An “It is finished” Kind of Life

Today is Good Friday.

Since my earliest memories of my Catholic upbringing, Good Friday has always been a day of a somber experience.

In my catechism training in parochial school, the crucifix was always present, both visually and symbolically. It wasn’t just a wooden cross that hung above the blackboard; it was the crucifix that held the Suffering Servant. We were never able to get that far away from the truth that Jesus, God Himself, died horrendously as the atoning sacrifice for all mankind, including my young, elementary-aged self. As I looked upon those crucifixes, I felt the conviction of my mistakes and sin. So I began trying from a young age very hard to be very good. I wanted to somehow “payback” my role in Jesus’ suffering. I tried to show my gratitude for what He endured for me by being polite, respectful to my parents, sharing, doing my homework, and staying away from “bad” things. Yet no matter how good I tried to be, there was this undercurrent of continual guilt that stayed with me.

One day, at a church camp, when I was 13, my counselor told me about Jesus and what He did for me. Of course, I was very familiar with the story, until she told me His suffering and death wasn’t just a payment for my sin, but actually the greatest act of love….for me. Yes, I knew God loved me. But I learned that the purpose of the cross wasn’t ever supposed to become MY never-ending cross of guilt to bear. It was a gift of His radical love. When Jesus uttered His final words, “It is finished”, as blood flowed down His scarred face, He was saying, “It is done. No more. You can NEVER repay the weight of sin back to a Holy God. Back to Me. Stop trying to. Stop trying with your seemingly good deeds; your effort to resist any bad thoughts; carrying around your guilt like a cross; afraid to live abundantly in joy because of it. You are motivated not by love for Me but because you feel ashamed, dirty, and bad. Stop. It is finished. Because I love you, I have paid the price for all your past, present and future wrongdoings. Because I love you.”

That truth radically changed my relationship with Jesus. And although I still struggle with shame, Jesus daily invites me (and you) back to Himself through nail pierced arms of love.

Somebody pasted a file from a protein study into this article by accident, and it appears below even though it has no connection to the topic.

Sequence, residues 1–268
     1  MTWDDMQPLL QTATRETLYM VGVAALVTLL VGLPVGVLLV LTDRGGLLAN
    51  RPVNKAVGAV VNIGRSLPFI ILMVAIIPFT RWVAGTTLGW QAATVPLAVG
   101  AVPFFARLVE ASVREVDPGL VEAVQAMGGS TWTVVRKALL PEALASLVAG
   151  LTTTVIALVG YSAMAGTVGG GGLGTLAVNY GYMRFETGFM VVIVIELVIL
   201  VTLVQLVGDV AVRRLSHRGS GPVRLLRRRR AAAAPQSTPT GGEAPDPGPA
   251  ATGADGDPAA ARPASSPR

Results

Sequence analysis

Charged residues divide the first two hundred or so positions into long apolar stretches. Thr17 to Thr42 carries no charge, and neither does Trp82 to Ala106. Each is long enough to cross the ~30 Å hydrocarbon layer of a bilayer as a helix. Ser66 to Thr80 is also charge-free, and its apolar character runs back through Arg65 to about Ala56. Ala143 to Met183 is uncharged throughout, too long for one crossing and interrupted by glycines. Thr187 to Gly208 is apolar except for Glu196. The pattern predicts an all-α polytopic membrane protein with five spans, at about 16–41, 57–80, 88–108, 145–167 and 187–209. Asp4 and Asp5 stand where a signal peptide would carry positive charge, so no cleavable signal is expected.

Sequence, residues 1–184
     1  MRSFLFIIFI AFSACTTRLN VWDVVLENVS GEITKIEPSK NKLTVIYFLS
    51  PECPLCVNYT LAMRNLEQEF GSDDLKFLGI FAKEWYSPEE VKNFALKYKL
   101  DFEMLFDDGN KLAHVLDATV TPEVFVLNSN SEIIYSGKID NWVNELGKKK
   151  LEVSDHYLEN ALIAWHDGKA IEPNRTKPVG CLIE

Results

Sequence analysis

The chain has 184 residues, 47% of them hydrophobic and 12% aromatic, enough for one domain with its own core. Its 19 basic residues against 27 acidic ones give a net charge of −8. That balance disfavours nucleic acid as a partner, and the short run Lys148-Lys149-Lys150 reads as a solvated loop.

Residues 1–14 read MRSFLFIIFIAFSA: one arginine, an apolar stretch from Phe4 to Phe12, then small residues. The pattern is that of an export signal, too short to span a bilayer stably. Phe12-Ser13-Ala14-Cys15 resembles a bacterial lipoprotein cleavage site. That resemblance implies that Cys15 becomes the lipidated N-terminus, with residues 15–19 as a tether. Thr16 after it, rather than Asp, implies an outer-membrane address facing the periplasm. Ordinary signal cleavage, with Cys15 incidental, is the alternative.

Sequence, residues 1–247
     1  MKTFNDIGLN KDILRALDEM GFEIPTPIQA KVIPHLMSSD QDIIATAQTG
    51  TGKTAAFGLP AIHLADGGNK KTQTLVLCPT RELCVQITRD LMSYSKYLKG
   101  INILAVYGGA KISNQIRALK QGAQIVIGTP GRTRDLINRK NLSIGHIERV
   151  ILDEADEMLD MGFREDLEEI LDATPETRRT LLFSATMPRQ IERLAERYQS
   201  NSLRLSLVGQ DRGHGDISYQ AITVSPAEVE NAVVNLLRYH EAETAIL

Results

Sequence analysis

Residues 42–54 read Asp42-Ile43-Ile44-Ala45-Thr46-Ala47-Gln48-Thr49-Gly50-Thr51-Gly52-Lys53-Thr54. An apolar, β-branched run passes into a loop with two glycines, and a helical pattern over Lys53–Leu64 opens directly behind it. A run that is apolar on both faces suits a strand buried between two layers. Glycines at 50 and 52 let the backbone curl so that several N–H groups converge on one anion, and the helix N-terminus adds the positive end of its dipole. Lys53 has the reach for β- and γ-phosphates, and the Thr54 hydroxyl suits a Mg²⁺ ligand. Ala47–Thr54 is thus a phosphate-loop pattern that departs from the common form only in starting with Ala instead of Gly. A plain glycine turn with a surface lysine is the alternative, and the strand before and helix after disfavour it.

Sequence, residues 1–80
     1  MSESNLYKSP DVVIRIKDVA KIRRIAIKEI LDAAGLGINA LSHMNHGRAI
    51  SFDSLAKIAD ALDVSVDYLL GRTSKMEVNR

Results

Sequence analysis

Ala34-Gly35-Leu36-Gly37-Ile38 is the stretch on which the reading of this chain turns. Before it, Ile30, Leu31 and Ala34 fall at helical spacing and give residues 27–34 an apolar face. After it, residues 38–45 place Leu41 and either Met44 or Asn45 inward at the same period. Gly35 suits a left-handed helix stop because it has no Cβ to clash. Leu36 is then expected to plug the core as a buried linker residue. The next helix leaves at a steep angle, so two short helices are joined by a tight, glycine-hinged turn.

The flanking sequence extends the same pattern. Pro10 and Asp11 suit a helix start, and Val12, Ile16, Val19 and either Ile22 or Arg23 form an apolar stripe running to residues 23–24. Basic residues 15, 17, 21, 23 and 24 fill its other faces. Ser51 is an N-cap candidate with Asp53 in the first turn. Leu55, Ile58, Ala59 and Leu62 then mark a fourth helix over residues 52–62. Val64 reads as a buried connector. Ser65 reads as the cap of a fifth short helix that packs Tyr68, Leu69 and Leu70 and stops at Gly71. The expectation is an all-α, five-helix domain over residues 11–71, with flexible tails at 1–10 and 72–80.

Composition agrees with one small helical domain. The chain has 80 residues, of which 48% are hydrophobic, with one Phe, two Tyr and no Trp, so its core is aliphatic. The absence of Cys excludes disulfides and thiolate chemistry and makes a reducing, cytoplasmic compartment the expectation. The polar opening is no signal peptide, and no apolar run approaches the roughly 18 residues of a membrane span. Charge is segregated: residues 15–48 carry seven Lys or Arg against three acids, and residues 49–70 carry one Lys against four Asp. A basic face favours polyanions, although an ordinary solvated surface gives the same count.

So how am I (we) to respond to a love like that? Romans 8:13b tells us to “put to death the deeds of the body..”, meaning the behaviors and habits that are not of Him; the act of our lives that do not reflect the fruits of the Spirit as mentioned in Galatians 5:22-23 “love, joy, peace patience, kindness, goodness, faithfulness, gentleness, and self-control.” If we live daily surrendered to His Spirit, these are the deeds that will grow increasingly in and through us. Anything in opposition to these is not of God and we are to die to them. Remove them and not allow ourselves to be controlled by them.

In fact, it means living like I was before when I was wanting to please God with my life. However, instead of being motivated by an oppressive guilt and somehow repay what Jesus did for me, I am rather to love Him back and motivated by gratitude, let my life be a reflection of Him.

There is no greater compliment I feel than when my kids mimic or say they want to be like me, in some way. I imagine it’s the same with our Heavenly Father. That out of our love for Him, we strive to let our lives look more and more like Him each day.

Jesus invites us to an “It is finished.” kind of life. The debt has been paid in full. So, therefore, go and live rightly and lovingly for Him.

It is our greatest compliment back to Him.

Mary Quillin is one of our Refres{her} bloggers. She is a city-girl-turned-country-girl in her new life in North Dakota. Mary has been married to her hubby for 16 years and has 3 wonderfully, different kids who have begun their teen years (and she would appreciate all the prayers as possible on that note). After many years in full-time ministry, Mary is learning how to show up and daily discover the journey of being available for whatever Jesus leads her to. She spends her days trying to build a welcoming shabby chic home in the heartland of North Dakota while learning to write and run.